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Chlamydiosis, a disease caused by the intracellular bacterium Chlamydia psittaci, is commonly seem in wild and pet birds. Between 1982 and 1991, 1,344 cases of human chlamydiosis were reported to the Center for Disease Control. Of those cases where the source of infection was known, 70% were due to exposure to pet caged birds (Satalowich, et. al.,JAVMA 1993). Veterinarians should be aware of the zoonotic potential of this disease.

The infectious particles of Chlamydia psittaci, called elementary bodies, are shed in feather dust,feces, and lacrimal and nasal secretions.       Elementary   bodies   are approximately 0.3 um in size and survive for long periods outside the body. If aerosolized elementary bodies are inhaled or ingested, they will attach to and penetrate host cells. Once inside the cell, elementary bodies transform into non-infectious reticulate bodies that grow and divide by binary fission.  Often micro-colonies will  form  and  can be  seen microscopically as cellular inclusions, called LCL(Levinthal-Cole-Lillie) bodies.   As the reticulate bodies mature, they transform into the infectious elementary bodies which are released when the cell is lysed.

Clinical signs in birds range from inapparent infections to severe disease and death. Young birds are most susceptible and often appear sick, while adult birds tend only to show clinical disease after periods of stress. Latent infections are possible with clinically normal birds shedding the organism.

The clinical signs caused by Chlamydia psittaci depend on the age, condition, and species of the bird combined with the dose, strain,  and virulence  of the  bacteria. Respiratory and/or gastrointestinal signs are common along with ocular and nasal discharge, conjunctivitis, sinusitis, dyspnea, greenish diarrhea, and emaciation.     Occasionally neurological signs are seen: tremors, seizures, torticollis,        and/or        opisthotonus. Hepatosplenomegaly may be observed on radiographs.   Clinical pathology data may reveal a leukocytosis and elevated liver enzymes.

The gross lesions of chlamydiosis vary and are nonspecific. Hepatomegaly, splenomegaly, and  pneumonia  are  common  findings. Fibrinous   air   sacculitis,   serofibrinouspericarditis, and fibrinous peritonitis may be prominent. Histopathologic lesions are also nonspecific, unless the causative agent is seen. LCL bodies, which stain with Giemsa, Castaneda and Machiavello  stains,  are pathognomonic if seen. Impression smears of liver, spleen, or air sac can be stained to observe LCL bodies. If LCL bodies are present, the diagnosis can be made; but, further diagnostics are necessary if LCL bodies are not observed.

Two diagnostic serology tests are currently available.   A Chlamydia-b\ocking antibody ELISA(BELISA) identifies serum antibodies to the Chlamydia organism.   The antibodies deleted by this method are independent of the bird's shedding status; however, the assay only detects the patient's exposure to the organism, not necessarily a current infection.   False negative test results are frequent in acute infections.    An antigen ELISA test for Chlamydia trachomatis of humans is used to detect Chlamydia psittaci in birds.  Cloacalswabs can be analyzed by this test.  False negatives are possible in samples that contain low numbers of elementary bodies and in samples from birds with latent infections or irregular shedding. False positives are possible if high numbers of cross-reacting bacteria, such as Staphylococcusaureus, are present.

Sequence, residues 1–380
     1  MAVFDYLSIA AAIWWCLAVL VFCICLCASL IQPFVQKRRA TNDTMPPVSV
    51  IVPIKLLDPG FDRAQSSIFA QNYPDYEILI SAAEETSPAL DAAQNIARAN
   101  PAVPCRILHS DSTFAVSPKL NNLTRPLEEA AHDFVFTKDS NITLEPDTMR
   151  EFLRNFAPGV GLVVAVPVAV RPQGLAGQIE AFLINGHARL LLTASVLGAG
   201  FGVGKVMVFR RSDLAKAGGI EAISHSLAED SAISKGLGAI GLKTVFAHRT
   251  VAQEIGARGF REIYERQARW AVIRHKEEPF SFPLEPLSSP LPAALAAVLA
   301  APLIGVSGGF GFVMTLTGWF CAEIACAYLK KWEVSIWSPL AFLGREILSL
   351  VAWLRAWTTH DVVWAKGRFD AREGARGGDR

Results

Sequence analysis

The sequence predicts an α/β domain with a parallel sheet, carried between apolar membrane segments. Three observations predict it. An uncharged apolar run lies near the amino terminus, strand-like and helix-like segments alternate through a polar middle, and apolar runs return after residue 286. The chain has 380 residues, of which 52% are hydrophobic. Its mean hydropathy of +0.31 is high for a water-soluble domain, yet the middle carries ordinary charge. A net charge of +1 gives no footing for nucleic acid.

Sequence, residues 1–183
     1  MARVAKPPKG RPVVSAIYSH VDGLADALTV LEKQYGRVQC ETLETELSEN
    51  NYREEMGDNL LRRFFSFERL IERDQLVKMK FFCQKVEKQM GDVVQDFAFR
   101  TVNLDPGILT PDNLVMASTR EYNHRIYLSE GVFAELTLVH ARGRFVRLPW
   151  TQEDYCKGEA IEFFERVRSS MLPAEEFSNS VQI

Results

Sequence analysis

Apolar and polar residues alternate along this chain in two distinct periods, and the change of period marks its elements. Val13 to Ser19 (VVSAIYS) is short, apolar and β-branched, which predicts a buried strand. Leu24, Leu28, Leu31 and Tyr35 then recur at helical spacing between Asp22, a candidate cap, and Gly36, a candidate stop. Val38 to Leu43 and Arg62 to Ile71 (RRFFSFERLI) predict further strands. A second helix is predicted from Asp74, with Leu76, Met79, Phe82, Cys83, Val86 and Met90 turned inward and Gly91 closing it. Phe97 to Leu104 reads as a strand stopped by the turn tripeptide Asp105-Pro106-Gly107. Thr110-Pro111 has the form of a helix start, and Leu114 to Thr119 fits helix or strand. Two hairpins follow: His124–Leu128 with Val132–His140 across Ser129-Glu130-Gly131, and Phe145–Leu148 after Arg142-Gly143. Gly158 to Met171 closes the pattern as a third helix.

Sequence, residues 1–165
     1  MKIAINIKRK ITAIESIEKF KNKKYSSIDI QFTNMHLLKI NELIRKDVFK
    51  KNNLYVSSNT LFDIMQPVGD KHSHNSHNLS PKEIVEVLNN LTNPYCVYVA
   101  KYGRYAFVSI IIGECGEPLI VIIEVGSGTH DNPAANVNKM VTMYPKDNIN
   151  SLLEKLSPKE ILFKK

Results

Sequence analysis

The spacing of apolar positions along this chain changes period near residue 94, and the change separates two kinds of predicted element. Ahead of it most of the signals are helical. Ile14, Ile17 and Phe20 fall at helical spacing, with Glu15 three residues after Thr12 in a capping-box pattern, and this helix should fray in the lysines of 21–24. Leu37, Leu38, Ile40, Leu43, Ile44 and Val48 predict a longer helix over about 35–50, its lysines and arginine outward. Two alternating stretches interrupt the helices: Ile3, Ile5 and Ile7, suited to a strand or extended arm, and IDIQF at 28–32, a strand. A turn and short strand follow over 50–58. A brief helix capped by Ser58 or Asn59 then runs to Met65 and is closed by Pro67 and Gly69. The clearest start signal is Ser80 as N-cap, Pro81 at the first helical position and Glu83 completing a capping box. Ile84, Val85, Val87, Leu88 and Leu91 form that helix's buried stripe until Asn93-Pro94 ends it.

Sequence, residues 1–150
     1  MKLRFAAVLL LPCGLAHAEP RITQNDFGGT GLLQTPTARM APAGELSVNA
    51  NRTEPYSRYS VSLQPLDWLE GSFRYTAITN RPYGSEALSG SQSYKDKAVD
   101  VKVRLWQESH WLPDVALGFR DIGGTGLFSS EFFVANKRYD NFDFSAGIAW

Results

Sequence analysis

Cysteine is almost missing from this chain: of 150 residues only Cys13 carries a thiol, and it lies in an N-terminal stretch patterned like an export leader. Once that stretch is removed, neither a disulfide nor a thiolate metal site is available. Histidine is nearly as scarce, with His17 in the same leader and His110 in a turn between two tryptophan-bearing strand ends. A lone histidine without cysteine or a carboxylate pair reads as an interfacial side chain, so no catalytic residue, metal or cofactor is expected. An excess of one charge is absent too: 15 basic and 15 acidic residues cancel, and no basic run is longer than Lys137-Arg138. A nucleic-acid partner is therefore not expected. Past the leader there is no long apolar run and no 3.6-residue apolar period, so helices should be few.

Culture of the organism is the only direct means of identifying Chlamydiapsittaci. Cloacal or fecal specimens can be submitted for culture. Since shedding may be inconsistent, a serial collection for three-five consecutive days is recommended. Culture must be done in a cell line and may take one-two weeks before results are seen.   Post mortem specimens suitable for culture include the liver and the spleen.

All confirmed or suspected cases of chlamydiosis should be reported to the local and/or state health departments. Professionals in these departments will oversee further work-up and treatment. Any person who has been in contact with infected birds should be warned of the zoonotic potential and take appropriate precautions.


Gerlach,H. Chlamydia. In: Hamson and Hamson, Clinical avian medicine and surgery,W.B.Saunders Company, Philadelphia, 1986: 457-463.

Satalowich, FT; Barrett,L; Sinclair, C; Smith, KA; Williams, LP."Compendium of chlamydiosis (psittacosis) control, 1994.National Association of Public Health Veterinarians Inc".Journal of the American Veterinary Medical Association.1993,203: 12,1673-1680.

Timoney,JF;Gillespie,JH; Scott, FW; Barlough,JE. Hagan and Bruner's Microbiology and Infectious Diseases of Domestic Animals, 8th edition. Comstock Publishing Associates, Ithaca, 1988.

Van Buuren,CE;Dorrestein,GM; Van Dijk, JE. "Chlamydia psittaci infections in birds:a review on the pathogenesis and histopathological features". Veterinary Quarterly 1994, 16: 1, 38-41.

- TrinaDuncan, April 1995

- edited by Robert Porter


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